A couple is on a mission to make sure controversial planning applications do not go under the radar in an area that has so far been spared the brunt of Malta’s construction boom.
Nikolaj Lubnow, and his wife Justine, have set up ‘Cottonera PA Watch’ – a sort of neighbourhood watch scheme but for overdevelopment rather than crime.
Members of the ‘Cottonera PA Watch’ are encouraged to photograph, list and detail information about any new building projects in the fortified cities of Vittoriosa, Senglea and Cospicua.
“Although in Malta we are in the fortunate position that all planning applications and documents in question are public –unlike some other countries – many people overlook them or miss the deadline for representation,” said Mr Lubnow.
He said he came up with the idea this summer when residents were caught on the hop by news that the American University of Malta in Cospicua was planning an extension.
“I started researching planning information on the internet on my own a while ago, as I am always curious about what’s happening in my city,” he said.
“What I learned is that the Planning Authority personnel are under a lot of pressure. They have to deal with hundreds of cases each week. It’s understandable that some decisions are – to put it politely – questionable and not in the public interest.
“So, I hope that it is helpful when people like me – who know the area like the back of my hand – have the opportunity to cast a critical glance at as many projected building measures as possible and give feedback if necessary.”
Mr Lubnow, who is originally from Germany and has been living in Vittoriosa for three years, said that he was surprised by how many people were unaware of how to get information about their area.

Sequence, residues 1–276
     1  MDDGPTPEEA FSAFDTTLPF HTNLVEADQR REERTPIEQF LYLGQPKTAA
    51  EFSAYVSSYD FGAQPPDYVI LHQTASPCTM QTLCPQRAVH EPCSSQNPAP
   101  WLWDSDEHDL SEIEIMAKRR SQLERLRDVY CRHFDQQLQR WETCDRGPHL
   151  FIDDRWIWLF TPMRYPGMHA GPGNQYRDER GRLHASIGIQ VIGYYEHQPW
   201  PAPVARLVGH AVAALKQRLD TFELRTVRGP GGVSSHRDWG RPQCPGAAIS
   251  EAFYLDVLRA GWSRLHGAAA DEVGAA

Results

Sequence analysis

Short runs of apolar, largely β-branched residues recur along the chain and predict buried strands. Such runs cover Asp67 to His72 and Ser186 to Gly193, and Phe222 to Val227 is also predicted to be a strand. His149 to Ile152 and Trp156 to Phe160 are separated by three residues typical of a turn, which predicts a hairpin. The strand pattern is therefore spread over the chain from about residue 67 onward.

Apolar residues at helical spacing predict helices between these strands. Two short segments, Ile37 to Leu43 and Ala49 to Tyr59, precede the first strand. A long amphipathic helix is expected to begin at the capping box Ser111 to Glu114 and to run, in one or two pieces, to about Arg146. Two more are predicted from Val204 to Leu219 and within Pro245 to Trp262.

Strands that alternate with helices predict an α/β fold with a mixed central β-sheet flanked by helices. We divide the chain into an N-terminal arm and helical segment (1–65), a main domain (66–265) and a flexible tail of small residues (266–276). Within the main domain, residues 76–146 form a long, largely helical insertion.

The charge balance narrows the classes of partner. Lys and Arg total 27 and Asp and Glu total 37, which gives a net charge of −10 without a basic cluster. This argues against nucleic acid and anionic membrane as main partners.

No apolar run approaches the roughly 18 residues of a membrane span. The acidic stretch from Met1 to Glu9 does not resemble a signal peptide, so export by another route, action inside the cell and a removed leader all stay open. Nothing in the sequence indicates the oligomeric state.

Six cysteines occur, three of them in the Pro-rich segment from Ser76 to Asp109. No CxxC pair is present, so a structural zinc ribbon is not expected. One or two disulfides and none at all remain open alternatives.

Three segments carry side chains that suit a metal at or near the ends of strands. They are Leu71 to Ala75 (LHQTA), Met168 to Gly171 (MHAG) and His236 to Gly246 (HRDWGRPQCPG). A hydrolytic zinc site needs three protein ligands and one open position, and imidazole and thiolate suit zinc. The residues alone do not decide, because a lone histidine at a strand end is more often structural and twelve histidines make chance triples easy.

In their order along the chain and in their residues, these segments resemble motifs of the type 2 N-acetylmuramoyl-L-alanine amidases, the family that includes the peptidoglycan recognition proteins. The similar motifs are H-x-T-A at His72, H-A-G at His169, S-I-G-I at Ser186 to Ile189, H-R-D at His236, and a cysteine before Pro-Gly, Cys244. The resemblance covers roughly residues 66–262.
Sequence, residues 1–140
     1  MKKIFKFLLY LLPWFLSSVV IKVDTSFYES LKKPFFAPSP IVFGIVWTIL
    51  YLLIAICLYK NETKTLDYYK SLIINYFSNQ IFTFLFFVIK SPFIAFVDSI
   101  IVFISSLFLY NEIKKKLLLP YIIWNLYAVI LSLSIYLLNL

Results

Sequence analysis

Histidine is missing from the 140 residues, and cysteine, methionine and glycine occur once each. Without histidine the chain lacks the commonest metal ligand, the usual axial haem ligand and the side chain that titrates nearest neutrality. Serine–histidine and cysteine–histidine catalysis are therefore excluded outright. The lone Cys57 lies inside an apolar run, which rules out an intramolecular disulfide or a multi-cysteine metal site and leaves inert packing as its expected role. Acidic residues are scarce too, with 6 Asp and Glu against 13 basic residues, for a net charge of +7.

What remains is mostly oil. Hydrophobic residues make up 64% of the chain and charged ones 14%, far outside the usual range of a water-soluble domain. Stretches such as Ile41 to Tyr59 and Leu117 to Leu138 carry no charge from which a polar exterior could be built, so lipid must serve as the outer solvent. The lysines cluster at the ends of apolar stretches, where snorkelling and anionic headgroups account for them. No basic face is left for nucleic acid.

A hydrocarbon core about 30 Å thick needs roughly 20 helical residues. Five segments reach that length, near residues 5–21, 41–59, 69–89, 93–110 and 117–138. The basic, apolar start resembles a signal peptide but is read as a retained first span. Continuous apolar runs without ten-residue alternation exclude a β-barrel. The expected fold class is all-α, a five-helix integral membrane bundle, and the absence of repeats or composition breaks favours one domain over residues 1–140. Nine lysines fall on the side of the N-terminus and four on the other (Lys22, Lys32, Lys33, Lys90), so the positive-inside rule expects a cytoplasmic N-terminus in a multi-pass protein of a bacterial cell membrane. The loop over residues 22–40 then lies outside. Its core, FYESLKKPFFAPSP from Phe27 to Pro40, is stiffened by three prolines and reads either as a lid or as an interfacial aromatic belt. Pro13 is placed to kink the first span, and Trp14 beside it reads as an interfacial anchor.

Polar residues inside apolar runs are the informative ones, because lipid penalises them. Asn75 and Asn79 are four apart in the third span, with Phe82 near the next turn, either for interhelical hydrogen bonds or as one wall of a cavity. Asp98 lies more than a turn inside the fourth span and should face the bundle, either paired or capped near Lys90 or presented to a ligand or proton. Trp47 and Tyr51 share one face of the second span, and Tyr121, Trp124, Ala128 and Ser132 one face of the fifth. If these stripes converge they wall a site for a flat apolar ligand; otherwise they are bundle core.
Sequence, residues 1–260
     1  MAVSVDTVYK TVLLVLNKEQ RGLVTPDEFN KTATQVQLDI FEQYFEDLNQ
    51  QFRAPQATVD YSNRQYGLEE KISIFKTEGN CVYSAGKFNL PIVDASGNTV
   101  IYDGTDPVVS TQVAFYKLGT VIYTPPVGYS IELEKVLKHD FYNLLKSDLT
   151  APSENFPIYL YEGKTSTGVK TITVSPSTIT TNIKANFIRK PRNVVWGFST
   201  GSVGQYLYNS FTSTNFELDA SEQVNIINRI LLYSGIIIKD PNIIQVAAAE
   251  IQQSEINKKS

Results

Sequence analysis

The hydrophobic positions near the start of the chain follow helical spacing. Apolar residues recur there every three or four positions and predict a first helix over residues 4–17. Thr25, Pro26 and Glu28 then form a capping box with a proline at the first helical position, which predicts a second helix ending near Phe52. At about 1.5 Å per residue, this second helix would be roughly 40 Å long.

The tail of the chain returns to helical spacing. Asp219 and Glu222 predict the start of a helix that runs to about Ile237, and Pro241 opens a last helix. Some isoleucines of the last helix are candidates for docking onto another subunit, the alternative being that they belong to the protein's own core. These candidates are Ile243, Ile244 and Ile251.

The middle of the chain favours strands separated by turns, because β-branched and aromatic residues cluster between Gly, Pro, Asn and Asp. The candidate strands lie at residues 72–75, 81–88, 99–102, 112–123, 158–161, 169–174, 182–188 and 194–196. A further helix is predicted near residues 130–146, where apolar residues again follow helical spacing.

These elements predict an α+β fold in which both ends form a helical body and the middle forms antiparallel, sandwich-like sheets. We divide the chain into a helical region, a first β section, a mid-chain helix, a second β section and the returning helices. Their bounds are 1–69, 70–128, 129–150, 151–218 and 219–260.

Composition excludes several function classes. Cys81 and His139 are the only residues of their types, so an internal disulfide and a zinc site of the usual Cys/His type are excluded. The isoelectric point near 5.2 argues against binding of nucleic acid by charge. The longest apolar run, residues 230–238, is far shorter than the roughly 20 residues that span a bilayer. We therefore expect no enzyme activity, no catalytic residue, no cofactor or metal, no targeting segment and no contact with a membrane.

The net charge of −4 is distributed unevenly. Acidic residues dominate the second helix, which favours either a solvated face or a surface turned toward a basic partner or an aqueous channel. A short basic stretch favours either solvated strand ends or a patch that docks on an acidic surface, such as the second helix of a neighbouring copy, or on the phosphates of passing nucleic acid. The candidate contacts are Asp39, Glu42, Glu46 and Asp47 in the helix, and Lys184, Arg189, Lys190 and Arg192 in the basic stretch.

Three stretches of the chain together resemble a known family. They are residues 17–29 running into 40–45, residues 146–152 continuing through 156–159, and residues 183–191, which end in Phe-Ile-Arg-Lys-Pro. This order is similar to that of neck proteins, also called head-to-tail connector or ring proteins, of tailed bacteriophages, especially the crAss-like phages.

I’m a concerned Vittoriosa resident who has had to become an activist
“The data is not hidden or secret, but who has the time to regularly check all projected building measures in his or her neighbourhood?” he asked.
“There are around 1,000 planning applications made every week, with about 10-20 of these being Cottonera-related.
“Our Facebook page aims to raise awareness among the residents and to create more transparency regarding projected developments in this area of high historical relevance.”
Mr Lubnow’s posts include maps, pictures, the PA application number, deadline dates for representations and a link to the application. One recent post concerned a plan for a restaurant at the regatta club.
He also provides a step-by-step guide on how to find a planning application, as well as how to object to it.
Rebecca Cremona, one of the members of the Facebook group, says there are fears the authorities aren’t respecting the heritage of the Three Cities.
Earlier this year, she collected more than 2,000 signatures objecting the American University of Malta’s plan to turn a public car park into dormitories.
“I’m a concerned Vittoriosa resident who has had to become an activist because no local or national authorities are respecting our heritage,” she said.
“The Three Cities is one of the main historic hubs of Malta’s patrimony. If we ruin it, the way we have unfortunately ruined several areas now, I believe Malta’s soul will be truly killed off once and for all.”
As for Mr Lubnow, he says his aim is not to influence but to inform.
“I just collect available data and condense the relevant ones in one place,” he said.
“What people make of it is their own cup of tea. But I hope they use it wisely and responsibly.”